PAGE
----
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Principal gets music award

The Dalles Middle School Principal Sandra Harris, left, is pictured holding her Oregon Music Education Association Outstanding Administrator Award. With her is TDMS music teacher Leslie Sullivan, who nominated her for the award.

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The Dalles Middle School Principal Sandra Harris, left, is pictured holding her Oregon Music Education Association Outstanding Administrator Award. With her is TDMS music teacher Leslie Sullivan, who nominated her for the award.



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The Dalles Middle School Principal Sandy Harris, bottom right, is pictured with middle school music students. Harris received an award from the Oregon Music Education Association for her support of the music program at the middle school.

The Dalles Middle School Principal Sandy Harris never misses a music performance by students at the school, and is always ready with a compliment for their work.

For her ongoing support, she was awarded the Oregon Music Education Association Outstanding Administrator Award last month.

She was nominated by a number of people, including TDMS music teacher Leslie Sullivan, who said of Harris, “Sandra has been a cheerleader of our music program from day one. She comes into the classroom to listen to the students rehearse in band and choir just because she wants to, not just because she’s doing an observation of my teaching.”

She said Harris loves listening to students rehearse and perform, and “compliments the students, giving them great pride in what they do. I believe the students have elevated pride in their music because of the praise they receive from their principal. They look up to her and she goes out of her way to make sure they know they’ve done well.”

Sullivan said Harris is a volunteer ex-officio member for the Friends of D21 Music board, which fundraises to support not only the middle school, but the high school music program and three elementary music programs as well.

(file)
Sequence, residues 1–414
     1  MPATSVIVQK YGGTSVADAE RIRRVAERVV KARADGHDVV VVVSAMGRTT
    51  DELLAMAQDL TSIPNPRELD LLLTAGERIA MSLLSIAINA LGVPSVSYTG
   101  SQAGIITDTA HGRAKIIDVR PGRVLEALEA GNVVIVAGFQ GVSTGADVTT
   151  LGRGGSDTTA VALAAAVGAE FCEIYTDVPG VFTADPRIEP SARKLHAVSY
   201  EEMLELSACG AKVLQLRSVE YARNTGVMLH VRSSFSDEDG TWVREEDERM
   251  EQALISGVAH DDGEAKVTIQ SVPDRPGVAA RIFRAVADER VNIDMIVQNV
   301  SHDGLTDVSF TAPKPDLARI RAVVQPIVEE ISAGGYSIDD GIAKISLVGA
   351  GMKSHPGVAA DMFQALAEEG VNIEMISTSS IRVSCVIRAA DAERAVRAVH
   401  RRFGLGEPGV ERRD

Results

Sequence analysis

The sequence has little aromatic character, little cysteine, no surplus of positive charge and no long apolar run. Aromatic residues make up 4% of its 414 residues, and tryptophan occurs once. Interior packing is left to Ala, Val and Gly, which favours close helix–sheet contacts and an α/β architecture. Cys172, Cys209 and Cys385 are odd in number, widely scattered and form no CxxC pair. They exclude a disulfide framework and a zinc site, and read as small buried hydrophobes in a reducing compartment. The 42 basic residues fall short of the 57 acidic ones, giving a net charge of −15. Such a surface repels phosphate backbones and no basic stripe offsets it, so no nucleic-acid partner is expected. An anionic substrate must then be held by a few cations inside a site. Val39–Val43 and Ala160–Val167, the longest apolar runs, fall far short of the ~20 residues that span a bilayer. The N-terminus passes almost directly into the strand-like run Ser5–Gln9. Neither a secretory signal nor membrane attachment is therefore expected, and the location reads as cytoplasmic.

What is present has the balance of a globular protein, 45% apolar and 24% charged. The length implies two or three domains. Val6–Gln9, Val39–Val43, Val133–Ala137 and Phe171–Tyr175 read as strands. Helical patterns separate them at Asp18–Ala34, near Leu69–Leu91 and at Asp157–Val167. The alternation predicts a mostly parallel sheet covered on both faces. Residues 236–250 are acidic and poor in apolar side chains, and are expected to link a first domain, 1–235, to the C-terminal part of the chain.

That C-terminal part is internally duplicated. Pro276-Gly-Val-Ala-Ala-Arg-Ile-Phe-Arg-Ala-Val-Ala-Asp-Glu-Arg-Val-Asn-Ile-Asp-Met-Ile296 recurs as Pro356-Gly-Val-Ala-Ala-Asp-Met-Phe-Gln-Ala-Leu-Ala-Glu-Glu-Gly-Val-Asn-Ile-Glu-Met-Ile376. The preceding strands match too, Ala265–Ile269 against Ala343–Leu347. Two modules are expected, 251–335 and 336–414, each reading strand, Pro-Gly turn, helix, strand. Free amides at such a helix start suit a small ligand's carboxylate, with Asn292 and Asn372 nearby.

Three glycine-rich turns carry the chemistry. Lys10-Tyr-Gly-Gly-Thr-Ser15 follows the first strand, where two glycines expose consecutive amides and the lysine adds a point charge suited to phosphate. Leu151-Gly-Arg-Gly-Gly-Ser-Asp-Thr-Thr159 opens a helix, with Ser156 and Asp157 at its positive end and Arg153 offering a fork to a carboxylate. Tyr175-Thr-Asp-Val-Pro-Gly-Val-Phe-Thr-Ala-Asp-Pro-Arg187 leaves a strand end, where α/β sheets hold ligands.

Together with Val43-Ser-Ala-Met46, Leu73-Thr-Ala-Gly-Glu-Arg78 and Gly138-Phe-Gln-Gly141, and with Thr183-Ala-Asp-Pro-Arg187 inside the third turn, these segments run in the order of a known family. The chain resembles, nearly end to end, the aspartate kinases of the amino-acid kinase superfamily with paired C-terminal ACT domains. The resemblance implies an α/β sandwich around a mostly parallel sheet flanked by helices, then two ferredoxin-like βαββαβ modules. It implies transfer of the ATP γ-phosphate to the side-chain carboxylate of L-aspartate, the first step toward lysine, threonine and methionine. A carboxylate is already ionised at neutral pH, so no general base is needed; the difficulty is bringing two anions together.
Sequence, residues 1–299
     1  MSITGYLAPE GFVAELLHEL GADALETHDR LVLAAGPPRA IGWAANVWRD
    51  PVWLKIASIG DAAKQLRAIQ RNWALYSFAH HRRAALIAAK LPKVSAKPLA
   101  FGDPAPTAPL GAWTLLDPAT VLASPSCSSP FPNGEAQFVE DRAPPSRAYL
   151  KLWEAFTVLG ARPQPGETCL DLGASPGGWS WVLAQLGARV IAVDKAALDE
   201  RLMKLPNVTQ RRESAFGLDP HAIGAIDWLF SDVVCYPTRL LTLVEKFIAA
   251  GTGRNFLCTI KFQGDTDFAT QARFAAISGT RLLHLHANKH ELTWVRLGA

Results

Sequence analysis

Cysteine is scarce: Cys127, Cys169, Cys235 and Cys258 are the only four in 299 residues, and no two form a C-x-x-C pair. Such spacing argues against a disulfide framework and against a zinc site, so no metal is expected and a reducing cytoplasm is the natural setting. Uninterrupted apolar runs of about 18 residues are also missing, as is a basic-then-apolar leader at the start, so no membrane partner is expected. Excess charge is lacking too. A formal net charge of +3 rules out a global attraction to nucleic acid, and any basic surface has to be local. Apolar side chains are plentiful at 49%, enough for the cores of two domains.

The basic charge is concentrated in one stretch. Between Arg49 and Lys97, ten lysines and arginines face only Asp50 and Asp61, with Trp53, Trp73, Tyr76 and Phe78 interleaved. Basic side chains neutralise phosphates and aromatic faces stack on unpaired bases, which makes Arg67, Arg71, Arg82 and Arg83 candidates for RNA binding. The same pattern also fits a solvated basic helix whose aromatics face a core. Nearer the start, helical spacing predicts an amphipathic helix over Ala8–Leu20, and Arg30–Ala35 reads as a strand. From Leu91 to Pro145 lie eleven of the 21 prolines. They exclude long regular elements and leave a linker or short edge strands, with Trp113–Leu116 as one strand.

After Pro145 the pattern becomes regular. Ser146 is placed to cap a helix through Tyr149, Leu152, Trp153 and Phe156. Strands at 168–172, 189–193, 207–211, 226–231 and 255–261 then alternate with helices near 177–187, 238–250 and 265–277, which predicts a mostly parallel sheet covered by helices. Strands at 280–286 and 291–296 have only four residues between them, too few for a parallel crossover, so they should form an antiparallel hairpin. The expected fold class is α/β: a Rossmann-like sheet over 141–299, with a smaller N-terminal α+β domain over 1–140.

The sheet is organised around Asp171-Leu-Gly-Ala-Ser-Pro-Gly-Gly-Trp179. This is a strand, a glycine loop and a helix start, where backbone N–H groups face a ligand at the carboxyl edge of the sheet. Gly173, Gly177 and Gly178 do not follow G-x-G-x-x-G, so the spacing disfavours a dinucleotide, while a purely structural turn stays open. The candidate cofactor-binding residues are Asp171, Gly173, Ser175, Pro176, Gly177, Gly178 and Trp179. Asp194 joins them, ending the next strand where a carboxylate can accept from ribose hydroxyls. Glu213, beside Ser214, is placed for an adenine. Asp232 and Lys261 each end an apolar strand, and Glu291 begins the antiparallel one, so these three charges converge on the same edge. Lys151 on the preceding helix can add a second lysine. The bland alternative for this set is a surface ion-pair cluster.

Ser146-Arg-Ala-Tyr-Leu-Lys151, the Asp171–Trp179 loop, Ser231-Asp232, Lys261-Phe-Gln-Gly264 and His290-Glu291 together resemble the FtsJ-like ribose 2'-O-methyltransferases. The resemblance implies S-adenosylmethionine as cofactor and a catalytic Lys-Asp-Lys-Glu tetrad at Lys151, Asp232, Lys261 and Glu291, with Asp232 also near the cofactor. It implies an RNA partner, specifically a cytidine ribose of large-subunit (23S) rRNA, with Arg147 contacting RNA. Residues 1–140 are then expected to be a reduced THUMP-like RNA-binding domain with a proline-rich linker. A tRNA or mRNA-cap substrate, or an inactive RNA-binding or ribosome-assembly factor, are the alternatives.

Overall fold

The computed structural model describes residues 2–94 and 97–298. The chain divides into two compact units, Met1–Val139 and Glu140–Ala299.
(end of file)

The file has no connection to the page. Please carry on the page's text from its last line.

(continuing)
“She works hard, attends the meetings, and shows she truly cares for the entire music community in The Dalles,” Sullivan said.

The OMEA award is presented to those who not only support music education, but help them thrive during challenging economic times.

Harris said in an email that she was surprised and honored by the award. “I had no idea Leslie nominated me and then I found out that she conspired with Supt. Candy Armstrong, parents, colleagues, community members as well as the music director from my previous school in Redmond.”

She said, “I am just doing what I do, supporting students and programs in my school no matter what. I have always attended choir, band and theater events throughout my administrative career.”

She said she’s motivated by the kids. “They practice long hours every day to create compositions that sound amazing! A music program in a middle school is one of the backbones to student inclusion. I enjoy supporting programs that includes all students no matter the talent, economic status, GPA, popularity or age.”

She lauded the two “fantastic music professionals” she’s worked with, Sullivan in The Dalles and Larry Graves at Obsidian Middle School. “They each have created amazing programs and opportunities for students that was easy to support.”

Harris doesn’t come from a music background herself, but was able to spot its effects in her students when she taught math. “Musicians were some of my best students. However, they didn't get the notoriety that athletes got.

“I want our music kids to know they are just as important and fun to watch as a sporting event. I know how much they practice and I know they are dedicated to putting their best foot forward at their showcase events. They all deserve to be noticed!”

In giving Harris the award, the OMEA presenter stated, “She allows teachers to fulfill their vision and develops a sense of trust with her staff and they have the feeling of being rooted on by their principal.

“What makes this person exceptional is that she sincerely cares about music education. Her belief in the value of music and the richness it adds to students’ lives is sincere.

“She gets involved emotionally, not just professionally.”



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